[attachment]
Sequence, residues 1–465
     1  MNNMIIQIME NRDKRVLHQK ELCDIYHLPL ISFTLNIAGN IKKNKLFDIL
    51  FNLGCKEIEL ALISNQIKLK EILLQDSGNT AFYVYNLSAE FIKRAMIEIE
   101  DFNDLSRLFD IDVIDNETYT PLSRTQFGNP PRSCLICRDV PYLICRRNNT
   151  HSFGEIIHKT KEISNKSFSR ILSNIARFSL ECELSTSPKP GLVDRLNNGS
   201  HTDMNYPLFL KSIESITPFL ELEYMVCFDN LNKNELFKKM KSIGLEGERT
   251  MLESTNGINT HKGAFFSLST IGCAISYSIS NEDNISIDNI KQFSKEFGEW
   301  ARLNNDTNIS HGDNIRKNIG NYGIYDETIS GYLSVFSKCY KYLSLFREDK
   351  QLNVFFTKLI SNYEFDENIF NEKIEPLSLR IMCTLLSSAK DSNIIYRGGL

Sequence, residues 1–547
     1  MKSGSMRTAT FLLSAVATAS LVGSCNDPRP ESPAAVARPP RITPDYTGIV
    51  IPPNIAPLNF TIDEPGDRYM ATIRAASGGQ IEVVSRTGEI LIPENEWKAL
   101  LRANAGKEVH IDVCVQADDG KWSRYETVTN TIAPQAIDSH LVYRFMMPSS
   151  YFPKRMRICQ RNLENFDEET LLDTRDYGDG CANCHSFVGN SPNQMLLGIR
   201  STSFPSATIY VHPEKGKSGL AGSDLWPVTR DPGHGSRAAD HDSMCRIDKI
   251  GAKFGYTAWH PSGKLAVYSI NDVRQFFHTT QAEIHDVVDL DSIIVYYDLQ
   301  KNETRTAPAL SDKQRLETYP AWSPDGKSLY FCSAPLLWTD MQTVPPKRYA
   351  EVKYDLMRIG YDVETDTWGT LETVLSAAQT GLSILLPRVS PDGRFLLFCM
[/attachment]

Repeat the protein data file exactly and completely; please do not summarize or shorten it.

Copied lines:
Sequence, residues 1–465
     1  MNNMIIQIME NRDKRVLHQK ELCDIYHLPL ISFTLNIAGN IKKNKLFDIL
    51  FNLGCKEIEL ALISNQIKLK EILLQDSGNT AFYVYNLSAE FIKRAMIEIE
   101  DFNDLSRLFD IDVIDNETYT PLSRTQFGNP PRSCLICRDV PYLICRRNNT
   151  HSFGEIIHKT KEISNKSFSR ILSNIARFSL ECELSTSPKP GLVDRLNNGS
   201  HTDMNYPLFL KSIESITPFL ELEYMVCFDN LNKNELFKKM KSIGLEGERT
   251  MLESTNGINT HKGAFFSLST IGCAISYSIS NEDNISIDNI KQFSKEFGEW
   301  ARLNNDTNIS HGDNIRKNIG NYGIYDETIS GYLSVFSKCY KYLSLFREDK
   351  QLNVFFTKLI SNYEFDENIF NEKIEPLSLR IMCTLLSSAK DSNIIYRGGL

Sequence, residues 1–547
     1  MKSGSMRTAT FLLSAVATAS LVGSCNDPRP ESPAAVARPP RITPDYTGIV
    51  IPPNIAPLNF TIDEPGDRYM ATIRAASGGQ IEVVSRTGEI LIPENEWKAL
   101  LRANAGKEVH IDVCVQADDG KWSRYETVTN TIAPQAIDSH LVYRFMMPSS
   151  YFPKRMRICQ RNLENFDEET LLDTRDYGDG CANCHSFVGN SPNQMLLGIR
   201  STSFPSATIY VHPEKGKSGL AGSDLWPVTR DPGHGSRAAD HDSMCRIDKI
   251  GAKFGYTAWH PSGKLAVYSI NDVRQFFHTT QAEIHDVVDL DSIIVYYDLQ
   301  KNETRTAPAL SDKQRLETYP AWSPDGKSLY FCSAPLLWTD MQTVPPKRYA
   351  EVKYDLMRIG YDVETDTWGT LETVLSAAQT GLSILLPRVS PDGRFLLFCM